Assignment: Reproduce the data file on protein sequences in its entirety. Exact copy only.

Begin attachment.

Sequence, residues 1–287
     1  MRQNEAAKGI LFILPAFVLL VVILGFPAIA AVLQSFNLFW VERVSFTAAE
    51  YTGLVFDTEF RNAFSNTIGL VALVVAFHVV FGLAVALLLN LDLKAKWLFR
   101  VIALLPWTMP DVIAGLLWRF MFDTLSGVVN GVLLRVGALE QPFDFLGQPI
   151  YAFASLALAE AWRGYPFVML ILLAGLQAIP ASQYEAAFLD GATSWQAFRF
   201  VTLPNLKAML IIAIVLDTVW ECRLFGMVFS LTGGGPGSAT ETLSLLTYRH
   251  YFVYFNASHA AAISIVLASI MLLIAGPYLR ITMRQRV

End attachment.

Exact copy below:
Sequence, residues 1–287
     1  MRQNEAAKGI LFILPAFVLL VVILGFPAIA AVLQSFNLFW VERVSFTAAE
    51  YTGLVFDTEF RNAFSNTIGL VALVVAFHVV FGLAVALLLN LDLKAKWLFR
   101  VIALLPWTMP DVIAGLLWRF MFDTLSGVVN GVLLRVGALE QPFDFLGQPI
   151  YAFASLALAE AWRGYPFVML ILLAGLQAIP ASQYEAAFLD GATSWQAFRF
   201  VTLPNLKAML IIAIVLDTVW ECRLFGMVFS LTGGGPGSAT ETLSLLTYRH
   251  YFVYFNASHA AAISIVLASI MLLIAGPYLR ITMRQRV